One of the big supermarkets has called on the government to relax competition law and other legislation to allow stores to work together to ensure food reaches the shelves.
David Potts, chief executive of Wm Morrison, said that some of the “legislation around competition works well in peacetime, but not so well in wartime”. He said that supermarkets working together would benefit customers during the pandemic and that “competition law can act as a handbrake”.
Morrisons is the fourth largest chain, with 111,000 staff and about 500 shops.
In the light of panic buying, Mr Potts said: “Food supply and confidence in food supply is one of the key stabilising elements of a public health crisis. We’re putting the assets of the company at the disposal of the country. Morrisons is facing squarely into the crisis and we will play our full part in feeding the nation during this important period.”
He said that the chain was already taking measures to reduce its range of produce — for example making brown or white bread rather than many varieties — to boost volumes and ensure that its shelves were stocked.
After a 60 per cent jump in online orders, Morrisons is also putting in place round-the-clock working in its food factories. A quarter of what it sells it makes itself. The supermarket group has put limits on hand wash, sanitisers, baby milk, cleaning products, toilet roll and tissues but is yet to follow Tesco, Sainsbury’s and Asda in rationing all products.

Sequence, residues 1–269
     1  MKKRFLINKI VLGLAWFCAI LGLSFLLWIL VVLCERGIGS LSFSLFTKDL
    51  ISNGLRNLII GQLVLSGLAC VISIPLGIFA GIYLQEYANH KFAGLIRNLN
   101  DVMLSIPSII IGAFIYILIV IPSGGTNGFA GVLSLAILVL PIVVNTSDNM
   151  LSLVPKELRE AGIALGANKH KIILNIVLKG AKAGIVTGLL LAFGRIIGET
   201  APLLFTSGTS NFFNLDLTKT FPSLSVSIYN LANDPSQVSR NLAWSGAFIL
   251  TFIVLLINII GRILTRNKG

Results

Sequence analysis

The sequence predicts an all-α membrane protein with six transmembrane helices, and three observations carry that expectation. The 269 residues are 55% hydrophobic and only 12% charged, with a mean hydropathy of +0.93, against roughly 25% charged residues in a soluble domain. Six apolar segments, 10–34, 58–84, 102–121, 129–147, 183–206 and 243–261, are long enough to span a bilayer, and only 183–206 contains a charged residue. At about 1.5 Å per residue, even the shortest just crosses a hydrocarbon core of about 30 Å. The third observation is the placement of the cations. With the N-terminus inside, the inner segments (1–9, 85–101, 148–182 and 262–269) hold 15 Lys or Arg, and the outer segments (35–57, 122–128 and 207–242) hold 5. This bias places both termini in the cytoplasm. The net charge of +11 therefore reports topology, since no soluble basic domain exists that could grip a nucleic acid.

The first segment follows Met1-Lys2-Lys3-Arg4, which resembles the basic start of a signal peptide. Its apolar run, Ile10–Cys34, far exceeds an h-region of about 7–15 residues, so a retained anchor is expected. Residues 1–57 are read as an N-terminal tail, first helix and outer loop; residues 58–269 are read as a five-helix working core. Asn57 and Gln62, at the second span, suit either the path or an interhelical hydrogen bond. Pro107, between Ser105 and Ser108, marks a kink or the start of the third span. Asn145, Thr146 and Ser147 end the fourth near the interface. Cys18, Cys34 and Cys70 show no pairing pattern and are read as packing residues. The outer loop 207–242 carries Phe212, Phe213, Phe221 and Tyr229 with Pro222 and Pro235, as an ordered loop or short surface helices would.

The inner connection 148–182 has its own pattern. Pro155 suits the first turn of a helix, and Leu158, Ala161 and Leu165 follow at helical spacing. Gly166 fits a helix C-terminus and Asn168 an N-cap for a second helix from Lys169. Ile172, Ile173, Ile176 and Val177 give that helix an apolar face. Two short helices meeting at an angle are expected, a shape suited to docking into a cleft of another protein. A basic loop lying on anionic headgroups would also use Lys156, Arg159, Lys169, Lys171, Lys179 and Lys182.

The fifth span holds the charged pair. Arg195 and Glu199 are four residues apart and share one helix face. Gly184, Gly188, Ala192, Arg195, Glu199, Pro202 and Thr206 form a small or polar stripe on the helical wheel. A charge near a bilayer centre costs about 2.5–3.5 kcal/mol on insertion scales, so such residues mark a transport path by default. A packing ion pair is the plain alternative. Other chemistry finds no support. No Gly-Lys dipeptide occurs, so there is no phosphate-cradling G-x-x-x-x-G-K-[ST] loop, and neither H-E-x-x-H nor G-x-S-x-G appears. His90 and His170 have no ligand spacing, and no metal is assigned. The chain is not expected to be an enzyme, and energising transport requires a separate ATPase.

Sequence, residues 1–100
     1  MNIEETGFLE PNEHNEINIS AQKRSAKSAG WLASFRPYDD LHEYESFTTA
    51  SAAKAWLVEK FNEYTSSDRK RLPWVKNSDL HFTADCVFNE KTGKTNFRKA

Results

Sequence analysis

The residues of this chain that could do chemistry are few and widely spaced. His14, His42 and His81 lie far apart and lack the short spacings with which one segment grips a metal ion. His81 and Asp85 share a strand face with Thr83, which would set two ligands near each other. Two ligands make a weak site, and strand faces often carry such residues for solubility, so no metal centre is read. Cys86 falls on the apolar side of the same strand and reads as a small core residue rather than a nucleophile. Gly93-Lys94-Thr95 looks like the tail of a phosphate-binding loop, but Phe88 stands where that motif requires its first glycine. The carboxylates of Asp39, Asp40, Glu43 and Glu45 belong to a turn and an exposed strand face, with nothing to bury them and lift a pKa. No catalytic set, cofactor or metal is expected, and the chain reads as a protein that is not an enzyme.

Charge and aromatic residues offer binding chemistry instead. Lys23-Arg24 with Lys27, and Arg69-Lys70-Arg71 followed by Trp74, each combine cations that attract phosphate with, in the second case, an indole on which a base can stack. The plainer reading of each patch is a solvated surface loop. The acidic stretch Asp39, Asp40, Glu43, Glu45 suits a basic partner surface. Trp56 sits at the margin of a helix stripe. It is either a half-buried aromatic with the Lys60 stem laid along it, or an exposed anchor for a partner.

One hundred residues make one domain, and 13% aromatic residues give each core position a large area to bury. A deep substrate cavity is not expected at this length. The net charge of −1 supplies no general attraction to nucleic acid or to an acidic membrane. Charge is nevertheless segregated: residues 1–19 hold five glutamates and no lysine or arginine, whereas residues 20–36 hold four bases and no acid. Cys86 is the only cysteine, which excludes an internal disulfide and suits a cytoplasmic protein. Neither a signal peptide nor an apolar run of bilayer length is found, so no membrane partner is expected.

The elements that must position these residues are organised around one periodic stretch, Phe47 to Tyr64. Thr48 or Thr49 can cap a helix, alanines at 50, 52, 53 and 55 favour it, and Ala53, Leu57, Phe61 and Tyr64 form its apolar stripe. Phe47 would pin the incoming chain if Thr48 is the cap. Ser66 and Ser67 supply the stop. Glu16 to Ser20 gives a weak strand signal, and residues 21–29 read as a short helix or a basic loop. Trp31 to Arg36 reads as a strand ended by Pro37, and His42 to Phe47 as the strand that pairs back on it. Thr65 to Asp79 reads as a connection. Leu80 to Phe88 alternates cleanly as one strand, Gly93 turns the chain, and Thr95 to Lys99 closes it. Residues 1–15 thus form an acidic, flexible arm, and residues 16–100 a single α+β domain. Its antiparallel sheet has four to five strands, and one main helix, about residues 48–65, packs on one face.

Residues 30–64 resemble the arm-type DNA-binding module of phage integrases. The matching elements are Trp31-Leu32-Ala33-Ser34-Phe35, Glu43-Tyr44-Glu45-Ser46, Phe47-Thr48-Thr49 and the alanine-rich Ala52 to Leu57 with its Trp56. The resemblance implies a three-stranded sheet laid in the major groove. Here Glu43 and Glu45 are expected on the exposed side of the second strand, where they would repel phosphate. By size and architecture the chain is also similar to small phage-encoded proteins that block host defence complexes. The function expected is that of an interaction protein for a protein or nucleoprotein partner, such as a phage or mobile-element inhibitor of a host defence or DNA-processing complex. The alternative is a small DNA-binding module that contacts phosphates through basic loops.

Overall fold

Trevor Strain, Morrisons’ chief operating officer, added that relaxing the law on drivers’ hours, weight limits on home delivery vans and the minimum wage, which could be breached to ensure flexible working, would all help supermarkets to serve as many customers as possible.
Mr Strain also suggested that the chain’s ability to react swiftly to customer demand during the crisis could be hampered because of the legal notices that supermarkets have to give suppliers if they want to stop selling a product.
Morrisons has launched a call centre and simple-to-order food parcels to address concerns that elderly shoppers might struggle to secure online delivery slots as self-isolation measures kick in. The group said that it had seen a 60 per cent rise in online orders over the past few weeks. It has also introduced a hardship fund for its shop workers and said that it would pay all its suppliers immediately to help with the cashflow crisis as well as hiring 3,500 new staff to cope with the increase in demand.
The group’s measures on coronavirus came as it posted a 3 per cent rise in pre-tax profits before exceptionals to £408 million from £396 million for the year to February 2. Like-for-like sales were down by 0.8 per cent and total sales slipped by 1.1 per cent.
Morrisons said that trading for the first four weeks of the year was flat but like-for-like sales had shot up by about 15 per cent in the past two weeks because of recent demand.